- The Treasury Department is exploring whether it can bypass congressional approval to index long-term capital gains to inflation.
- Such a change would lower the amount of tax that people pay when they sell certain assets, such as stocks and real estate.
- While you can exclude up to $250,000 ($500,000 for married couples) in gains on a house from taxation, those amounts have not been adjusted for inflation since their inception more than two decades ago.
Homeowners who face a big tax bill when they sell their house could emerge as beneficiaries of a Trump administration plan to change how investment gains are taxed.
Breathing new life into an idea that has been around for several decades, the Treasury Department is studying whether it can bypass congressional approval to index long-term capital gains to inflation.
In simple terms, this would mean the appreciation in an asset's price that could be attributed to inflation would not be taxed. The change would cost an estimated $102 billion over 10 years, according to a Penn Wharton analysis done in the spring. It also would largely benefit the wealthiest of American households.
Nevertheless, homeowners whose houses have surged in value over the years could benefit from such a tax cut whether they are wealthy or not.
"To some people, it might sound like a giveaway to the rich," said certified financial planner David Rae, president and founder of DRM Wealth Management in Los Angeles. "But here in Los Angeles and in some other places, a lot of homes that are worth $800,000 or $900,000 originally were bought for $100,000 or less several decades ago."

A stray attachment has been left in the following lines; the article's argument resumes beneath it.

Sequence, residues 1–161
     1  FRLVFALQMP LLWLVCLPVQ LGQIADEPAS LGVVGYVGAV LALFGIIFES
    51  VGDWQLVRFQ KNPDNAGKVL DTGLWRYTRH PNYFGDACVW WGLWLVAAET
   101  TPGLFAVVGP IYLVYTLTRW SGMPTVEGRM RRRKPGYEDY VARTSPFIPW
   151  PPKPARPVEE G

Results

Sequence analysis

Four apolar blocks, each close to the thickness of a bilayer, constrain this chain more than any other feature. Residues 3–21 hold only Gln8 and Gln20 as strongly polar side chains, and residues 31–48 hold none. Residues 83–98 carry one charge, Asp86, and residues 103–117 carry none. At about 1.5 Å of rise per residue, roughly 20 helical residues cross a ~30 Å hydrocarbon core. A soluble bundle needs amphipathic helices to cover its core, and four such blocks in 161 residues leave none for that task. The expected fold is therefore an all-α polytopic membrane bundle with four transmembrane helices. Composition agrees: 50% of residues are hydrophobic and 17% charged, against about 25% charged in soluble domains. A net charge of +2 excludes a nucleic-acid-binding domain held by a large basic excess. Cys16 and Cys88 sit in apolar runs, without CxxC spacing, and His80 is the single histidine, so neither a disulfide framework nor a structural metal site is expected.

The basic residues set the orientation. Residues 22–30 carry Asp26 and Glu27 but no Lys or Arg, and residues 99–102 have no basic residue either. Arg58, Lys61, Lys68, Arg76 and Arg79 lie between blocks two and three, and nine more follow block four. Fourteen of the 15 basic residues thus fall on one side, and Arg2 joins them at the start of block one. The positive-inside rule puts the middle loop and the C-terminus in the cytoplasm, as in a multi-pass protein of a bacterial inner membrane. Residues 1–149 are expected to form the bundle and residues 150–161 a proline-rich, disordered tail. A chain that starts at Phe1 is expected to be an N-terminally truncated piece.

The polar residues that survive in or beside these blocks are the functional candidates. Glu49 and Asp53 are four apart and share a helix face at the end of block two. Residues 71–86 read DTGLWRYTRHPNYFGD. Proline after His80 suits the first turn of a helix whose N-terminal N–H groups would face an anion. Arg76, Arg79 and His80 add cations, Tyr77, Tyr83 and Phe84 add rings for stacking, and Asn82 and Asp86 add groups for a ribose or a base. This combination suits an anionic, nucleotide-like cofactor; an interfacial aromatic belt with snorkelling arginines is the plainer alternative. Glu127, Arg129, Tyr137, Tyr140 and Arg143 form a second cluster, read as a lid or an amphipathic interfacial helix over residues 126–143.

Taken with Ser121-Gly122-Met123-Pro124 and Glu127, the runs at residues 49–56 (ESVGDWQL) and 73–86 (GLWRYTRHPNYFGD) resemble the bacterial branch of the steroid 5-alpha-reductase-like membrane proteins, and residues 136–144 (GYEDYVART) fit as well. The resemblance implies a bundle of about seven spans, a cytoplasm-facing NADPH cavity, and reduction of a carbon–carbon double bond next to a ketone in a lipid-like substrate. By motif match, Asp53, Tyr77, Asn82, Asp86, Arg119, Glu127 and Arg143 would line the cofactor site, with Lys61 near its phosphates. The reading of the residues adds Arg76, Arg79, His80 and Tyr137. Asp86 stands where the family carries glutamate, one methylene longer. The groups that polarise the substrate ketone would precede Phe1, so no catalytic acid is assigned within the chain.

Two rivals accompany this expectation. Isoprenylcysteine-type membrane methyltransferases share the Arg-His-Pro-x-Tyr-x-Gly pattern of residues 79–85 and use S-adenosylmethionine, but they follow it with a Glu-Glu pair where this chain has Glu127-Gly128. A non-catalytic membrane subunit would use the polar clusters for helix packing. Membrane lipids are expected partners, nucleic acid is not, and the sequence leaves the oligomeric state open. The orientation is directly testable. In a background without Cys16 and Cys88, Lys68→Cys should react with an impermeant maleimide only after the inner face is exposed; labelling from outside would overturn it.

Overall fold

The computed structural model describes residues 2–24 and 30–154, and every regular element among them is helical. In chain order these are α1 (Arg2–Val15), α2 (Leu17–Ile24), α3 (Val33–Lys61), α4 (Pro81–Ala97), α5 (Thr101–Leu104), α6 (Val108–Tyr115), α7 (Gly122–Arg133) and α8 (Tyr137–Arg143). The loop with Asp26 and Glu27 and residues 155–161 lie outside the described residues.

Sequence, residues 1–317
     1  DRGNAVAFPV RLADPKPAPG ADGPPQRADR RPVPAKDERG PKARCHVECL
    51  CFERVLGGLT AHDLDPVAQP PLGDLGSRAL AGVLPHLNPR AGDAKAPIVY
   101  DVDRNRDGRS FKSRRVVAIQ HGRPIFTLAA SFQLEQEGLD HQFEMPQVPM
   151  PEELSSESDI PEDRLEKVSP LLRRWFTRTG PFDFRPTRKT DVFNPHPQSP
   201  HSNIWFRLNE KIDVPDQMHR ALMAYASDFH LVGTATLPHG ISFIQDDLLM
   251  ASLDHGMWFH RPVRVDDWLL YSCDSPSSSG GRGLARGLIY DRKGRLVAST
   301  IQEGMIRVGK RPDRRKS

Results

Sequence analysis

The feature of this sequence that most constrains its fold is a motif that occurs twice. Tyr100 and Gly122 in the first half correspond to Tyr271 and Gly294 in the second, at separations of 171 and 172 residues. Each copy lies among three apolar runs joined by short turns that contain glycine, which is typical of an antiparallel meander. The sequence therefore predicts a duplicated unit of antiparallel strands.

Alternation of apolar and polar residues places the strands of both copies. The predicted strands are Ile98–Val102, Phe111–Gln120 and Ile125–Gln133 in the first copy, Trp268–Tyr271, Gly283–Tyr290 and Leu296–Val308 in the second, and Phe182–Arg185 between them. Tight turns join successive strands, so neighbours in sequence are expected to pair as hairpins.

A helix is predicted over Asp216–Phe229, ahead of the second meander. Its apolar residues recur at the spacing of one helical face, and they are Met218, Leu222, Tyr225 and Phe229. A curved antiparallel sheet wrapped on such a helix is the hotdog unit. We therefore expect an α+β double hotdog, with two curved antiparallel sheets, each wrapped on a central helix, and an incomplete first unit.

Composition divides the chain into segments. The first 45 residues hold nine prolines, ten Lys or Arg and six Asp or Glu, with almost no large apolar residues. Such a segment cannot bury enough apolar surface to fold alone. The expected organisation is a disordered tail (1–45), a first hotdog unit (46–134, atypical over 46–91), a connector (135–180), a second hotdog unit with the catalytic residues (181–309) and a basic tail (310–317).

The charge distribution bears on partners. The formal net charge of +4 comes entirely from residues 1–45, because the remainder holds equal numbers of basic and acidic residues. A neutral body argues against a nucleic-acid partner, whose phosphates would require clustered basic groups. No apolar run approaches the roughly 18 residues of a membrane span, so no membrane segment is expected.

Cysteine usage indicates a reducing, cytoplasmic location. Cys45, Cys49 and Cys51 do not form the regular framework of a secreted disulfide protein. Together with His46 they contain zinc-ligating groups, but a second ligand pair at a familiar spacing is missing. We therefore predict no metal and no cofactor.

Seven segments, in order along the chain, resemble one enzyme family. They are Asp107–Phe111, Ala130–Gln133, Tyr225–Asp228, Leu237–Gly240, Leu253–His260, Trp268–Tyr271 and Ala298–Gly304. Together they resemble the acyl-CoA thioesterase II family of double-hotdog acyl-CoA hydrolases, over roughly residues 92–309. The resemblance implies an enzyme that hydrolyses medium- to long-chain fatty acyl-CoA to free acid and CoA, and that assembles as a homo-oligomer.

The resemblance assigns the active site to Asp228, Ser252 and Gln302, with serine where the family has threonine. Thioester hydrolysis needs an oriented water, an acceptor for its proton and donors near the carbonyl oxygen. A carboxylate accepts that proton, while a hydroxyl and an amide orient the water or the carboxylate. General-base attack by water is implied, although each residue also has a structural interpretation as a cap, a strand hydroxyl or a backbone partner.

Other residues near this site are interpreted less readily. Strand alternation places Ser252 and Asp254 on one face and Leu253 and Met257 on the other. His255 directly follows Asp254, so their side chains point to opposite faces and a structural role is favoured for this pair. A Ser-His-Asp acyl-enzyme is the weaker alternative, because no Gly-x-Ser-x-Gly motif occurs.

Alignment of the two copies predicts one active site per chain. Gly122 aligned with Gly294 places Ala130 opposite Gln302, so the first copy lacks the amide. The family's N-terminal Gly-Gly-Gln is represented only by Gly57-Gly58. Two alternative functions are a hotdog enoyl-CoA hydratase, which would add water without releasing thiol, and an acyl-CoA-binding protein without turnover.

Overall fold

While the national median price of homes sold is $231,700, according to Zillow, some hot markets come with much higher housing costs. For example, in California, that figure is about $603,000. In Washington, D.C., it's $535,500, and in New York, $568,300.
Existing law already allows owners to exclude $250,000 (for singles) or $500,000 (for married couples) from capital gains taxation when the house is sold. However, it's easier to exceed those amounts in high-cost areas.
For illustration purposes: Say that in 2000, a single person in California paid $211,500 — the median price in that state at the turn of the century — for a house. In 2018, say it sells for the current median price of $603,000. Under current rules, the gain would be $391,500.
After subtracting the $250,000 exclusion available to a single person, the seller would pay taxes on the remaining $141,500 gain. At the highest rate — 20 percent — that would mean a tax bill of $28,300.
In contrast, if a portion of the $391,500 gain were attributed to inflation since 2000, the taxable share would be much lower.
In this example, about $104,000 of the sale price would be due to inflation, according to a Bureau of Labor Statistics calculator. Subtracting that amount from the $391,500 gain would leave $287,500. After the $250,000 exclusion, the remaining $37,500 would generate a tax bill of $7,500 — $20,800 less than under current law.
Part of the existing problem, say experts, is that the exclusion amounts have not changed since they were established in the 1997 Taxpayer Relief Act.
"In 1997, $250,000 and $500,000 seemed like an impossible amount of gain to have on the sale of a house for almost everybody," said Evan Liddiard, senior policy representative at the National Association of Realtors.
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There's also the chance that down the road, tax bills for home sales could become more widespread.
"Within another decade or two, there will be a lot of home sales throughout America that have gains above the exclusion," Liddiard said. "Inflation will push home prices up, and the exclusions are not adjusted for inflation."
If those exclusions had been adjusted annually since 1997, they'd now be at about $396,000 for singles and $792,000 for married couples.